If “eps3.4_runtime-err0r.r00” crystallized the streamlined shape of Mr. Robot’s third season, “eps3.5_kill-pr0cess.par2; elaborated on it, and last week’s Knight RiderslashBreaking Bad-inspired “eps3.6fredrick&tanya.chk” (R.I.P., Trenton and Mobley) suggested that even this tighter focus has limits, tonight’s episode, “eps3.7_dont-delete-me.ko,” unwraps the sentiment hidden in the side pocket of the season’s action and underscores it to superb effect. Bookended by more familiar features of Sam Esmail’s fictional universe—grief, regret, philosophical inquiries on the meaning of “deletion,” digital and analog—the heart of the hour is a sweet, surprisingly funny two-hander, a buddy comedy discovered on the edge of despair. It is, in its way, as unexpected a development in the series’ arc as the singular momentum of “runtime-err0r.r00,” in part because it’s a respite from Elliot’s (Rami Malek) inner monologue. For the space of an afternoon, Mr. Robot (Christian Slater) goes silent, because he and Elliot are one in the same.
Elliot meets Trenton’s brother, Mohammed (the exceptional Elisha Henig), when he attempts to pay his respects to she and Mobley three weeks after the Cyber Bombings. Despite being framed, along with her friend, for planning the attacks, Trenton’s father has no doubt that she’s innocent: “This country,” he says, “now blames Muslims for everything.” In a sense, this is no more comforting to Elliot than Mobley’s brother’s refusal to hear his assurances; he’s in search of closure, tying up loose ends as he prepares to take his own life, and neither exchange appears to satisfy his need to accept blame for all that’s transpired since 5/9, and before. He heads for the shore with his stash of morphine (“Life that unbearable, baby?” the lascivious dealer coos), ready for the plunge, when Mohammed sits down beside him. That gorgeous, wide-angle image of the ocean, their two tiny figures side-by-side on the sand, sets in motion one of the series’ warmest sequences to date, signaled by Mohammed’s retort when Elliot tries to shoo him away: “You don’t own the beach.”
Their trip to the movies to see Back to the Future—already glimpsed, in animated form, in the flashback that opens “kill-pr0cess.par2”—is a mirror image of the episode’s first sequence, down to Elliot advising Mohammed that mixing popcorn and candy is the only way to go. (There’s also, to Esmail’s credit, a swing at us wags that lands rather perfectly: Of the decision not to see The Martian, despite Mohammed’s mention of its Rotten Tomatoes score, Elliot comments dryly, “That’s because most critics have shitty taste.” I laughed out loud.) The difference, of course, is that Elliot, now the father figure, is gentler than Mr. Robot, and Mohammed is not nearly as petulant as young Elliot—it’s as if he’s gone back to the future, as it were, and written another ending. “Even if it was him, it was me,” Elliot says to Darlene (Carly Chaikin) in an earlier sequence, fearful that he’ll never escape his father’s grasp, but the one solution he hasn’t attempted is confronting the trauma of his childhood head-on. Note that Elliot, in the flashback, turns away from his father after he collapses in the cinema, while present-day Elliot chases after Mohammed when he disappears from the theater: In reversing the terms of his prior experience, our hero confirms that grief, regret, even deletion need not be permanent, or unchanging. He need not become his father, at least not in the way he’s learned to expect.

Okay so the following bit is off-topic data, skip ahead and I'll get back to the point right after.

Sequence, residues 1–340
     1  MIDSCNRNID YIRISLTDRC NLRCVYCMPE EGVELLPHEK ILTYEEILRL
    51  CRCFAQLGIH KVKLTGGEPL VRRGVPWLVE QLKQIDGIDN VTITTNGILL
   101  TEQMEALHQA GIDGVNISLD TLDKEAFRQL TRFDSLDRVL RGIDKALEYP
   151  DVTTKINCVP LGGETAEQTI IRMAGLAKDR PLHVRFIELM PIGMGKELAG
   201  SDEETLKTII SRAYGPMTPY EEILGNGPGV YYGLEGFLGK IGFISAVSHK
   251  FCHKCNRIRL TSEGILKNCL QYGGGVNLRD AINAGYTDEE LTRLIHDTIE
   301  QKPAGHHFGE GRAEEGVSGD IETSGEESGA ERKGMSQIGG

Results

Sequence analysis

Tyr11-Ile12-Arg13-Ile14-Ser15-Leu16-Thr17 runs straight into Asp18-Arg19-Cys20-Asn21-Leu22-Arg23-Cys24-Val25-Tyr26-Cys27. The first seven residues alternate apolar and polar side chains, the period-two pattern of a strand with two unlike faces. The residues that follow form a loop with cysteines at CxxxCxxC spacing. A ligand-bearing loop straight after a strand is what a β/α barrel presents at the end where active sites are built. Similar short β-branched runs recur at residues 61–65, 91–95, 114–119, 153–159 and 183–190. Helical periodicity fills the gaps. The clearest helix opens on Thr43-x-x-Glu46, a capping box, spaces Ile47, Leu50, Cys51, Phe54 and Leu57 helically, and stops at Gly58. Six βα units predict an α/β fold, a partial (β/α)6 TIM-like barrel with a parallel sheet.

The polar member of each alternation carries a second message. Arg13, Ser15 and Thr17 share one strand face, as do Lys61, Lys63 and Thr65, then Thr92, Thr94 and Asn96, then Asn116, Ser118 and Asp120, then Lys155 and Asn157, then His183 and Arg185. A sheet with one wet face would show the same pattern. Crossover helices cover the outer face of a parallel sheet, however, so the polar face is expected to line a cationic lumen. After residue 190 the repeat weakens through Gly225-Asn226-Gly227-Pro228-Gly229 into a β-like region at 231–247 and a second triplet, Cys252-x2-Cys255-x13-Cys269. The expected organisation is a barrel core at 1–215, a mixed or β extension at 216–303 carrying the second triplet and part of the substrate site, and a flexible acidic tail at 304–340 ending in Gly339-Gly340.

Perhaps this explains why Mohammed’s criticism of Elliot — “You know, you talk about yourself a lot” — is so bracing, and so telling. In his concern for the boy’s safety, Elliot is released, at least briefly, from that inner monologue, that haranguing voice, because he no longer has to play out the relationship as though he were just a kid; he has someone other than himself, or his selves, to talk about. And so, against the backdrop of makeshift memorials (“Remember the 71”) and fenced-in detention centers, against military patrols of trash-strewn streets—images that recall the fallen future of Alfonso Cuarón’s 2006 film Children of Men—Mr. Robot admirably (and, given its usually cool emotional register, unpredictably) sets gestures of understanding, of connection, of hope. Mohammed hands Elliot the lollipop. Elliot reaches out to Angela (Portia Doubleday) from the other side of her door. At the end of The War of the Worlds broadcast, “humans actually persevere.” As far as I can remember, this is as close to “touching” as Mr. Robot has come, as simple—and I mean this as a compliment—as that fan’s one-line gloss on Back to the Future. It may be true that one mistake can change the world, but if that’s the case, so can one kindness, with its reminder that we’re never as alone as we might begin to suspect.
No one owns the beach.
Matt Brennan is the TV editor of Paste Magazine. He tweets about what he’s watching @thefilmgoer.